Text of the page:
Keir Starmer wants to show that Labour is ready for power. The days of irresponsible policies and crank MPs are over. They are the adults in the room after successive waves of Tory crises. Only a few hours before his speech at the Labour Party conference on Tuesday this pristine image was dented.
At a conference fringe event Rupa Huq, the MP for Ealing Central and Acton, said of the Chancellor of Exchequer, Kwasi Kwarteng, that “he superficially is a black man”. She added, by way of absurd evidence: “He went to Eton, he went to a very expensive prep school… if you hear him on the Today programme, you wouldn’t know he’s black.” Huq had the whip suspended for these comments.
Huq’s viewpoint is offensive, but what is immediately striking is just how bizarre it is. Why should being privately educated and well spoken disqualify someone from being black? Are the only authentically black people the ones who grew up in council estates and sound like rappers? Huq is hostile to Kwarteng’s politics. This is fair enough; disputation is fundamental to politics. But embedded in her mind, apparently, is a view of black people that ought to be unthinkable for someone who represents a party that prides itself on progressive values on race.
More than a decade ago, in a Newsnight debate on the 2011 London riots, the Tudor historian David Starkey made this comment about the Tottenham MP David Lammy: “Listen to David Lammy, an archetypal successful black man. If you turn the screen off so that you are listening to him on radio you would think he was white.” This was part of a wider tirade about the influence of black culture on British society: white people in cities up and down the country now sound black. But thankfully, you’ve got people like Lammy on the other side of this, showing that black people can escape their blackness.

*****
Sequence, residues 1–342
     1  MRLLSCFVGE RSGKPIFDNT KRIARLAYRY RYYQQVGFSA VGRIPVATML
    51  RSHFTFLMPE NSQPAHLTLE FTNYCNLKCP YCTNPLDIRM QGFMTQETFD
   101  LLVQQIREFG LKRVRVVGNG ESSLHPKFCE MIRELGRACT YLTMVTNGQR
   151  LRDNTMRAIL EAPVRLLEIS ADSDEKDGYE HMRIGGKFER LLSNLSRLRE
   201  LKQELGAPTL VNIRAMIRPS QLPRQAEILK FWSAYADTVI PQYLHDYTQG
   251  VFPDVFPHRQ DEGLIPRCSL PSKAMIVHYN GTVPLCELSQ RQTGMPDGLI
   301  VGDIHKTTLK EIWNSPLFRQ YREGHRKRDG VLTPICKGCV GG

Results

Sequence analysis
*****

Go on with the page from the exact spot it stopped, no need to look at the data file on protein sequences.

Huq seems to think the same. Her comments suggest that to be black is to occupy the lowest rungs of society, and only the Labour Party can save black people. Rich black Tories like Kwarteng betray their identity. They lose their black card because they undermine Huq’s picture of race. Black people can be rich or poor, left-wing or right-wing. They can sound like Kwasi Kwarteng or Dizzee Rascal.
I find it astonishing I even have to write that there is more than one way to be a black person. But the Labour Party is full of surprises. In his speech Starmer, echoing Tony Blair, described Labour as “the party of the centre ground”. “Once again,” he said, “we are the political wing of the British people.” Against the current Tory government, and according to the recent polls, this may be so. But there are still, as the Huq example demonstrates, attitudes about race within the party that run contrary to the centre ground. Starmer still has a lot of work to do.